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Gibson Ek Internship Leads to Holocaust Center Honor

Holocaust Center on display. Cammie Allen, a student created the project.

Visitors to the Holocaust Center for Humanity in Seattle can view not only historical artifacts and accounts, but also current stories about young people who are making a difference – such as Gibson Ek sophomore Cammie Allen.

Among just five young activists honored this month during the unveiling of the center’s Upstanders Wall, Cammie was recognized for her community impact, including organizing a supply drive for refugees, designing a classroom presentation with a Rwandan genocide survivor, and participating in the center’s Student Leadership Board. Cammie interned with the center as a GEHS freshman.

After she spoke to the audience at the ceremony, “people were coming up to me and saying I give them hope for the future. It meant so much to me to think that because of the things I’m doing, I’m making an impact.” 

Paul Regelbrugge, the center’s director of education and Cammie’s internship mentor, marveled at Cammie’s accomplishments at her age.

“Most college students we know couldn’t match her ingenuity and work ethic,” he said as he introduced her to the audience. “She’s unbelievable.”

Gibson Ek Principal Julia Bamba agrees. “I get to see the incredible work that Cammie is doing here on campus daily, but to learn about her impact in our community gives me chills.”

As a ninth-grader, Cammie reached out to the Holocaust Center for Humanity for an internship because she had a general interest in history and social justice. Gibson Ek students spend two days a week interning at regional businesses and organizations.

“I thought it would be more focused on just helping around the museum,” she says, “but it ended up being much more educational and so much more impactful.”

Initially, Cammie worked remotely on an interview with Emmanuel Turaturanye, a survivor of the genocide in Rwanda, with close support from her mentor, Paul. But as she impressed Paul and the staff with her hard work and maturity, they gave her more challenging and public tasks, such as assisting with field trips, editing their survivors' encyclopedia on the website, and carefully scanning and sorting through archival documents -- with gloves on.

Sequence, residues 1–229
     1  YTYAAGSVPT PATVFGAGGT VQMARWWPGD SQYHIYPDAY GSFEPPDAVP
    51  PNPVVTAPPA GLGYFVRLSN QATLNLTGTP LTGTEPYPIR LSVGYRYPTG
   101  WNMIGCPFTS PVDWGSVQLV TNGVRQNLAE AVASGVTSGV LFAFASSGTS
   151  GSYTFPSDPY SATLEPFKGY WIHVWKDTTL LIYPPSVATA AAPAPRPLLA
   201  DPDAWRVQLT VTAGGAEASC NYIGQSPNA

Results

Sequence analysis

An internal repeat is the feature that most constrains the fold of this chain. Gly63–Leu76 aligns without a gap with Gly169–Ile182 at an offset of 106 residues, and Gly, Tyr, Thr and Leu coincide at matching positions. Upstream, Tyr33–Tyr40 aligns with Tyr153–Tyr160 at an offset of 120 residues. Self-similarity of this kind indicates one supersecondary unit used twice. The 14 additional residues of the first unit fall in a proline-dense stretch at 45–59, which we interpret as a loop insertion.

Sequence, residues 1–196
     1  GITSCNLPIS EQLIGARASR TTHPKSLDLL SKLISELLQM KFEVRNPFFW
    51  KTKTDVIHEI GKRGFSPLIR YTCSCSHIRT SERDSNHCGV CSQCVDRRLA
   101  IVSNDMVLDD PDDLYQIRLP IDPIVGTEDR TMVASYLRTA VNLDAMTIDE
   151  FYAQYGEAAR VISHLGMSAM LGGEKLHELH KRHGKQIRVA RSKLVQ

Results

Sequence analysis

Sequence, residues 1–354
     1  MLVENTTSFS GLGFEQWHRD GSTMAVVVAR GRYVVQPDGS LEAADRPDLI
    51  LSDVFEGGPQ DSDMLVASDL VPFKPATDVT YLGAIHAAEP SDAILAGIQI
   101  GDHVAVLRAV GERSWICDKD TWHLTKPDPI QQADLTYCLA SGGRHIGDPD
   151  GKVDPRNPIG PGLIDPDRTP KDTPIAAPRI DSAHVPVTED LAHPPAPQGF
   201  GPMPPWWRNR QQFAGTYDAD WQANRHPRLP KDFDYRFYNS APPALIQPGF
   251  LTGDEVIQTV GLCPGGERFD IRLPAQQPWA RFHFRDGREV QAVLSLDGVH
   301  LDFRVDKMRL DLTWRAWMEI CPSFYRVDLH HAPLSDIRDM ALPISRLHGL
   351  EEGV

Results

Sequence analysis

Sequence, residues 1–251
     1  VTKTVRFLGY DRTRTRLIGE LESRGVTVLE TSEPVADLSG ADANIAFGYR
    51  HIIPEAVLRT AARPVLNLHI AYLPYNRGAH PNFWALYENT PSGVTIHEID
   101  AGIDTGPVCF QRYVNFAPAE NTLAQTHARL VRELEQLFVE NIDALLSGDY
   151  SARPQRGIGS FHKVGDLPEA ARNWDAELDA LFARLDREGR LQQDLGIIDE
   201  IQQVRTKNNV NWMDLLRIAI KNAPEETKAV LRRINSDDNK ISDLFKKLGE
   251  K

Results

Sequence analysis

“I was literally learning about people’s lives through their letters and documents,” she says. “It was super interesting.” 

And the interview and storytelling process with Emmanuel and Paul went so well that she was asked to help create and co-lead a presentation of his story, which they shared virtually last year with classes at several middle and high schools, and are sharing soon with a class at Pacific Lutheran University. Cammie delivers the history portion of the presentation, and then Emmanuel tells his story as a Q&A with Paul.

“This is why I love our program so much,” Julia says. “Seeing Cammie inspiring others through work that is important to her is the most incredible educational experience we could hope to provide for our young people.”

Cammie says the GEHS internship program provided an opportunity most students don’t experience in high school. 

Because I go to Gibson Ek, I get to work with professionals,” says Cammie, who is hoping to study political science or history in college. “Being able to be involved in a professional setting where they are so focused on making the world a better place – it really helped me cement my passion for those subjects.”

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